I am starting to realize that much of what I think should never be said. This is hard for someone who is a verbal processor. And while it may seem like common sense, it is hard to accept when you highly value honesty and justice. Keeping your tongue in line, is also hard for someone who is paid to make value judgments in his occupation. As a journalist, I am supposed to interview various people and write what I find. But this is always more than just dictation. You have to make judgments about the reliability of various sources, analyze the importance of the different aspects of a story, and make clarifying statements that some would seem as undue criticism. When it comes to writing opinion pieces, you have to be critical and analytical. That is what you are paid to do. It is hard to turn off this way of looking and speaking about the world when you are not at work.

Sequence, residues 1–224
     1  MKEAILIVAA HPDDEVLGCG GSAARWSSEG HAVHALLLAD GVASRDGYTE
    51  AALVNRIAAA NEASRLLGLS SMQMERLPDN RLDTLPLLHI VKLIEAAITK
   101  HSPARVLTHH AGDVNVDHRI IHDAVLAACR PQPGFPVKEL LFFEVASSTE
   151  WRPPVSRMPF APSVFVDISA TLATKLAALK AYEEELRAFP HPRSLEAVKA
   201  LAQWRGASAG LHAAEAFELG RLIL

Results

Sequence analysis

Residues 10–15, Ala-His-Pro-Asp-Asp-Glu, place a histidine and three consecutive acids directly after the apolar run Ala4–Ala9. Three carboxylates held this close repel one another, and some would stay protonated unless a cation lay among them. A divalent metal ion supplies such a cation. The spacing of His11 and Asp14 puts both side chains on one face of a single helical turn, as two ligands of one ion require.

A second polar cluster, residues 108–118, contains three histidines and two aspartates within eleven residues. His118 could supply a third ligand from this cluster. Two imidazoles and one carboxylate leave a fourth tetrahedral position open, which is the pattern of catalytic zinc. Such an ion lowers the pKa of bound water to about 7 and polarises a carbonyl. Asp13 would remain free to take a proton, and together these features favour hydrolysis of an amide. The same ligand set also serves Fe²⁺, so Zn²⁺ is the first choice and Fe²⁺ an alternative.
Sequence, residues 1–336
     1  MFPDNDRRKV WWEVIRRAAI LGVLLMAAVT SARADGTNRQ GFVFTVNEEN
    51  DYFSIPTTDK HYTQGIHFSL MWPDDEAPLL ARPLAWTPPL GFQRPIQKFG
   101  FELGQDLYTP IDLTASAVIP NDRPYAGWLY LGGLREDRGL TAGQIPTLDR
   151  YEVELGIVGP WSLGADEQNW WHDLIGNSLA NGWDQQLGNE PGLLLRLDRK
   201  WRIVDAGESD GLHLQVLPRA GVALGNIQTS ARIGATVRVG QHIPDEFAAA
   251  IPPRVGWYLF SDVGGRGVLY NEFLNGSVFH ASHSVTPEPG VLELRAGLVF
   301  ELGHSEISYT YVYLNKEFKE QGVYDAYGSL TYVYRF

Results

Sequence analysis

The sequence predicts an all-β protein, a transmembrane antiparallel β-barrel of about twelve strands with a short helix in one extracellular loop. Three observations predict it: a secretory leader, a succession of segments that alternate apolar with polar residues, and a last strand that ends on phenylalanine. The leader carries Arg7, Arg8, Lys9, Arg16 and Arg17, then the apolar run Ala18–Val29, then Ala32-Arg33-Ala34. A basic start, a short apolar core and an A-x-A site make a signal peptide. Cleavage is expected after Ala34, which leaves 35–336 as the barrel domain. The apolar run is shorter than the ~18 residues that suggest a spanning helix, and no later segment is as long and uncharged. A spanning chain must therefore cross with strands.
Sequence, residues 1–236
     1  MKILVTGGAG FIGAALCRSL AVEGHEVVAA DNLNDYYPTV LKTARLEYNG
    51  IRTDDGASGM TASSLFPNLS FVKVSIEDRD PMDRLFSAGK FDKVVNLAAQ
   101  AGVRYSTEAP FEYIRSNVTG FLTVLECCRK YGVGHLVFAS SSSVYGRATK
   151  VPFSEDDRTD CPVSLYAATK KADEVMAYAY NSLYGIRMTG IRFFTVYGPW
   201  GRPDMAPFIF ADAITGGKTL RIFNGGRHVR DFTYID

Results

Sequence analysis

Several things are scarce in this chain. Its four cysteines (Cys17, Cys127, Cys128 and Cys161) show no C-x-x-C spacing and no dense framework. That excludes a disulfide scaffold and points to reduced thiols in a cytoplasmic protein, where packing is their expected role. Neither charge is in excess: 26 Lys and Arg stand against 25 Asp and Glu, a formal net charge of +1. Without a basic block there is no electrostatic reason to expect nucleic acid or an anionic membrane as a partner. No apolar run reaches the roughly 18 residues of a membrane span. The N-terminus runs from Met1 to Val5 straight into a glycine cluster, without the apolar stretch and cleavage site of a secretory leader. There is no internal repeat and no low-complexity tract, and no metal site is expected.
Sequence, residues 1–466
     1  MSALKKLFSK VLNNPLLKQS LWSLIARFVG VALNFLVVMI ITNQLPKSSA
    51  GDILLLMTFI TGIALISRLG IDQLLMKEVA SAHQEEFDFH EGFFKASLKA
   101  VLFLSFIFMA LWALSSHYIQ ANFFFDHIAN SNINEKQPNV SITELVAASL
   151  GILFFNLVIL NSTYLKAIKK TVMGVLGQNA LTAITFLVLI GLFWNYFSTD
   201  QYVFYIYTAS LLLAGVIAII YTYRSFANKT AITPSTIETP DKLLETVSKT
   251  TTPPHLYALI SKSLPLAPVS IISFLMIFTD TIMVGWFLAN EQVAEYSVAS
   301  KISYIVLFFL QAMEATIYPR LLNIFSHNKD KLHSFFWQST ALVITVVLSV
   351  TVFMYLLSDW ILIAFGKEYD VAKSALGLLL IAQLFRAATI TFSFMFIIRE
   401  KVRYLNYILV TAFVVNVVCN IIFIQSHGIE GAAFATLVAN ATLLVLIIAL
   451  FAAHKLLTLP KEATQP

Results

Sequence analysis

Scripture offers a pretty harsh critique of the tongue. It calls the tongue a “restless evil, full of deadly poison.” The tongue is “set on fire by hell.” The tongue cannot be tamed by any man. It can “corrupt the whole person” according to James 3. This famous passage makes you almost want to take a knife to your tongue. But I think even a mute person might tell you this doesn’t really solve much.

Jesus clearly never shied away from making a harsh rebuke when necessary. He scolded His disciples and made all sort of tough rebukes (some might even call slanderous statements) against the political and religious leaders of the day. Jesus said all sort of things that baffled or enraged some who heard His statements. Of course, we are not Jesus. He is His own category. Yet, it doesn’t seem that Jesus forbid His followers from making judgments or giving harsh rebukes. The key comes back to the heart and why we say what we say. Is this rebuke to build up or just merely to cast mud on the reputation of another? Do you have standing so that your words matter to that person? Have you prayed about this first?